So, to summarize Parmenides’ ontology: he worried whether not-being actually is something, and concluded that No, not-being is not being, and is also unthinkable. And also that if something is, it is impossible for it not to have been, and not to continue to be. Heidegger in the 20th century said something to the effect that Parmenides invented Thought.
To my mind, Parmenides is leading himself up the garden path with the logickating pottiness of words. Words have evolved through the ages for practical purposes by people on the savannahs or in the market-place between the stalls. Words are rough approximations to their experiences, and logicking with them up, up, up, or down, down, down, into abstractions, is just a case of being misled.
THE LATER GREEK PHILOSOPHERS
I was amazed by Socrates the first time I came across him, sitting in the empty market-place before breakfast and drawing people out with his quizzing to show them they were being logically inconsistent in what they said they believed in. He asked questions like: What is Courage? What is Virtue? What is Duty? and wanted his students to work out what they meant by these terms. That sort of thing was, to him, Wisdom.
Was I amazed at him because this quizzing in logic (‘Socratic Method’) seemed a thing of minor importance in Man and surely couldn’t amount to Philosophy! Philosophy should be about the darkness and mystery in the heart of man: his feelings, memories, musings, longings, dreams, nostalgias, imaginations, motivations, hatreds and loves, longings for a life of adventure and life, his ironies, deceptions and self-deceptions. And so on.
Perhaps I was amazed too by Socrates’ ‘moral intellectualism’ (see here) in thinking that if we work out by Reason what it is ethically right to do, then we naturally just go ahead and do it! He didn’t seem to recognize that we are old sinners, and ones who fool ourselves by ‘rationalizing’ — conjuring up virtuous reasons for in fact following our self-interest or pleasure. Christianity does at least recognize this weakness of human nature which is at the root of the tragi-comedy of Man (although Christianity’s sequential story of how Sin started with Adam taking the apple, and ended with God giving some of us Faith in Jesus, has a pottiness all its own).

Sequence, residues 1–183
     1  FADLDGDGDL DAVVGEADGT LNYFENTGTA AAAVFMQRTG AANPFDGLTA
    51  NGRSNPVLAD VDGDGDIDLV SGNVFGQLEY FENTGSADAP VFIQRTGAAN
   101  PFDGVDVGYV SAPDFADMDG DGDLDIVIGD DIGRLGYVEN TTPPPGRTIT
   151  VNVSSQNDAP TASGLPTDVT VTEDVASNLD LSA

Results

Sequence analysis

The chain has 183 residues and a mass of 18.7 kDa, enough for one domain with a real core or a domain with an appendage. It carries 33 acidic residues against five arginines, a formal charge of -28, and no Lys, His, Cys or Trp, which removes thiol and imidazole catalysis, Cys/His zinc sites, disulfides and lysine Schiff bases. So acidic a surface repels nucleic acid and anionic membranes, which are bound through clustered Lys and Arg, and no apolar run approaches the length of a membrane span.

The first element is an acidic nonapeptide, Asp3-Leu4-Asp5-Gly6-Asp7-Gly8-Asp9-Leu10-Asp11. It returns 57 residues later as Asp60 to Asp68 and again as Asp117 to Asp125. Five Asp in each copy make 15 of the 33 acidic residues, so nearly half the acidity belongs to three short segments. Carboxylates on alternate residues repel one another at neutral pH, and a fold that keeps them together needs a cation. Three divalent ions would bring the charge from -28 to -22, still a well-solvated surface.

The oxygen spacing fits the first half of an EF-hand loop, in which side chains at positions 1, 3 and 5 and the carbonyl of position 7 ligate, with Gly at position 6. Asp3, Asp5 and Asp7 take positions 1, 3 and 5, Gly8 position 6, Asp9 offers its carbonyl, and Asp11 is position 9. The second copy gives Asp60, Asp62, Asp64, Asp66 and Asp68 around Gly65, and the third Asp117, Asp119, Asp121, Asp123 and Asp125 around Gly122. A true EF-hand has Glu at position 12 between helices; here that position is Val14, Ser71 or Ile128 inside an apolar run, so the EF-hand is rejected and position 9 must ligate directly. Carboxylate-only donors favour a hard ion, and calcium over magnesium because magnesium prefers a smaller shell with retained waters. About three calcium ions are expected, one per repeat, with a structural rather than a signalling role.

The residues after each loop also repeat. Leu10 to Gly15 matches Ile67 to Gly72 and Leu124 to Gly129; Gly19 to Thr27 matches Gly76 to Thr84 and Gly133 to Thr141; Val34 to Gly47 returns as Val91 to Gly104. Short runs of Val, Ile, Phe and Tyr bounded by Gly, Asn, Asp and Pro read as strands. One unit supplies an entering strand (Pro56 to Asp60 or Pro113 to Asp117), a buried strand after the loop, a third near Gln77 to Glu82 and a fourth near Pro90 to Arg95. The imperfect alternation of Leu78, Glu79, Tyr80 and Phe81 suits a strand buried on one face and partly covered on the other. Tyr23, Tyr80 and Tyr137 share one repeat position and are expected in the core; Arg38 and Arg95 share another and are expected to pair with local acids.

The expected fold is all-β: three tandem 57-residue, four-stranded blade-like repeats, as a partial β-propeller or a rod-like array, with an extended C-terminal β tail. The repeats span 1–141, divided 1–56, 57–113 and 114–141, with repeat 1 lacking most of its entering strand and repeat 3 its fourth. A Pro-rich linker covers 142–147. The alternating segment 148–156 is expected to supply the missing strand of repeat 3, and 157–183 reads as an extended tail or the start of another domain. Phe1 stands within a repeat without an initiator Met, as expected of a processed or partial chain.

Another example of Philosophy that hasn’t ceased to boggle my mind is good old Plato. He was bothered by the status of words like ‘cat’, ‘dog’ or ‘tree’, that we give to individual things with similarities to each other. He was of the opinion that these ‘concepts’, ‘generalities’, ‘universals’, actually exist in an ideal form in heaven! The mind boggles that anyone ever took this seriously, instead of accepting that conceptualization is something we do inside our heads. But this ‘problem of universals’ carried on in Philosophy till the Middle Ages and perhaps till the present day. (Perhaps I haven’t quite got these terms such as ‘concepts’ right? — it’s the best I can presently do.)
I was also amazed by Plato’s naive prescription for how to arrange politics – you put the brightest lads into a school where they are taught Philosophy and how to govern, and this fits them to be the future rulers! He too didn’t have any inkling of Sin — that even the wisest of us can’t be trusted, have a natural inclination to look after Number One. The people who invented the one God and ethics, and wrote the Bible, did at least know this!
PHILOSOPHERS FASTENED ONTO DEDUCTIVE LOGIC
We are told that the first philosophers fastened onto deductive logic from self-evident postulates as the way to true knowledge; firstly because they noticed that the senses as a source of knowledge were unreliable; and because their mathematics, which had been so successful at gaining knowledge, consisted of deducing from self-evident postulates (see here).
Perhaps they were also so used to receiving Truth from the Gods via the poets, that it was just too independent a step to suddenly go out and do external observations and experiments. So they sat in their chairs and did deductive logic.
Here is an example of deductive logic: ‘All men are mortal. Socrates is a man. Therefore Socrates is mortal.’ And another: ‘If I think, I must exist. I think. Therefore, I must exist.’ Aristotle would have called such brilliant arguments ‘syllogisms’.
Did Aristotle say that this was all Philosophy amounted to? Did Philosophy through the ages remain dedicated to deductive logic alone? Due to my alienation from that cast of mind, I still don’t know! If that was all Philosophy ever did, it could only have produced tautologies or truisms. Why wasn’t this obvious to them?